Snake oil and our “dearly beloved” departed leader
All of us make mistakes at times, and we all hold differing beliefs and, hopefully, respect each other’s varied views.
However, the ABC science program Catalyst went over the edge in its two-part program attacking the use of statins. As it is, the National Heart Foundation advises that more than a million Australians are missing the benefits of this medication.
As an avid ABC viewer and admirer of Catalyst, I was staggered to see such a lack of expertise and clear bias put to air. The Flat Earth Society and those who have recently seen Elvis alive would have more credibility than the experts produced, none of whom declared a conflict of interest despite actively marketing “alternative” therapies. Thankfully, the ABC tried to repair the damage when Media Watch went to air on Monday, 11 November, and its presenter rightly pilloried the programs as misleading and biased.
Nevertheless, like all GPs, I have been deluged with patients alarmed at their therapy and questioning its value. Aussies already waste billions of dollars annually on unproven “snake-oil” remedies without the ABC crossing to this dark side of health care.
Kevin Rudd has departed politics, and one must pay tribute to his boundless energy and enthusiasm in seeking a better health care system. Certainly, his initial choice of Health Minister was less than wise as Nicola did not, I feel, share his grand vision for reform. As to whether the raft of changes he instituted will pay dividends, only time will tell.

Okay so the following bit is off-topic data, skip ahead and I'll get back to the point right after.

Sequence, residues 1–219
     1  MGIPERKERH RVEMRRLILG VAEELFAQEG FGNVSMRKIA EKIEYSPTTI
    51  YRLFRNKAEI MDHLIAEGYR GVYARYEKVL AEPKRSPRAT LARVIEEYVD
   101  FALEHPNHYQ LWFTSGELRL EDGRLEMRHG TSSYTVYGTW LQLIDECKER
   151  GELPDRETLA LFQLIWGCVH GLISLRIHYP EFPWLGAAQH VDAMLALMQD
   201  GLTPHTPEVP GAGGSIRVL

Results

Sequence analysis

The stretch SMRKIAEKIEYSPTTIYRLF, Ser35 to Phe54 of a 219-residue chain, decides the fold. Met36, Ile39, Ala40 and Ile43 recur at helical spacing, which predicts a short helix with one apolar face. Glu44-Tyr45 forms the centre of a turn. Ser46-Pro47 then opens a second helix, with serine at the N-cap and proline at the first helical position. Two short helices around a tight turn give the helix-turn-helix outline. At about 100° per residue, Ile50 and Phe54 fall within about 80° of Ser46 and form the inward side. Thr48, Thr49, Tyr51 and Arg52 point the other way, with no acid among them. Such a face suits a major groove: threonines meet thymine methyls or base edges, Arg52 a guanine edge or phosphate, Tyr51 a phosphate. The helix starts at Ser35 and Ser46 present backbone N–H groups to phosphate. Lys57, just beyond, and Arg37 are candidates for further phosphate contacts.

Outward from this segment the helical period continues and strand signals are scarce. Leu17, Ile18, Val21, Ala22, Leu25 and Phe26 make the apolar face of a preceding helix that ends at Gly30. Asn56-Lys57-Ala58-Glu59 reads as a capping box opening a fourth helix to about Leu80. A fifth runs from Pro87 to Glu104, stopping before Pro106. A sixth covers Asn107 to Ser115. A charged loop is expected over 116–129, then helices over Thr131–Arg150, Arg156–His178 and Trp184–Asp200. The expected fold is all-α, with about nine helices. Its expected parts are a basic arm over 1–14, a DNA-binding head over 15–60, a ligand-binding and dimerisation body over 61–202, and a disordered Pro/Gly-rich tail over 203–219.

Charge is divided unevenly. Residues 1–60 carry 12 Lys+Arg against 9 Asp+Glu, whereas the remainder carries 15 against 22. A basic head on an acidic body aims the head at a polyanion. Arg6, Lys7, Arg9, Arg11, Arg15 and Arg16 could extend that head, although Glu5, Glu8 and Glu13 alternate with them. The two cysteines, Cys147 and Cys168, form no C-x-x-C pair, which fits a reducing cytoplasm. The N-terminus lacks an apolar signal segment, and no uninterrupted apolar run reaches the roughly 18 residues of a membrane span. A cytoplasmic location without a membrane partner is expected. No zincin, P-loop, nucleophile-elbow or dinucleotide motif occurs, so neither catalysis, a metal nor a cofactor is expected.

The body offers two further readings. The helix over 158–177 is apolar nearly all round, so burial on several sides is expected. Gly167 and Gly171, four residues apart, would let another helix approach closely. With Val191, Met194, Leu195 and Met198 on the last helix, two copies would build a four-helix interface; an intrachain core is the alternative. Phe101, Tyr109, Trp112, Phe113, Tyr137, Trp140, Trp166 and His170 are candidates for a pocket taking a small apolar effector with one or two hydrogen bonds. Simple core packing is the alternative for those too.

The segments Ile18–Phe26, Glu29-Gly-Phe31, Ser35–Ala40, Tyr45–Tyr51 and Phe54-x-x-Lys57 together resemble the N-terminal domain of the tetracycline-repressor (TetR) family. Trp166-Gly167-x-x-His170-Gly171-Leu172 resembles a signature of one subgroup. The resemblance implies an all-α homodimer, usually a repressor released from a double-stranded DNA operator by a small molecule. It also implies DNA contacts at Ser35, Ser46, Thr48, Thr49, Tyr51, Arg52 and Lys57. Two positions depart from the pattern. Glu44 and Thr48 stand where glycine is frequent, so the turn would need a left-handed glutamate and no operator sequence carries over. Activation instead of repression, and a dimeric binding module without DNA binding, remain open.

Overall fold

Speaking of our now departed previous leader, the $2,000 cap on education tax deductibility is also now gone. Thankfully, the AMA led the charge on this and sank it, and any non-member with a conscience should get their hand out of their pocket and sign up. This change alone will more than cover their AMA membership subscription in perpetuity.
The Rural Medical Committee met in Sydney on 8 November, the highlight being a presentation by the NSW Rural Doctors Network on what they are doing to ease the rural workforce crisis. Certainly, their provision of walk in-walk out, fully-serviced practices in the most difficult locations is a solution that is working. Doctors given such facilities are staying longer, and recruits are easier to find, plus support staff are given certainty of tenure and ensure continuity for patients.
The Committee is now focussing on developing further policies for recruitment and retention, in both small towns with no hospital and larger towns with existing hospitals. Please let us have all your wisdom, wild ideas, dreams and solutions for these policy areas.
Also top of our agenda is working more closely with the Rural Doctors Alliance of Australia to renew the Rural Workforce Rescue Package and jointly lobby in Canberra for its implementation. Hopefully, with a strong parliamentary rural health champion in Assistant Minister for Health Senator Fiona Nash, opportunities will arise for solutions to be put in place with the Coalition in power.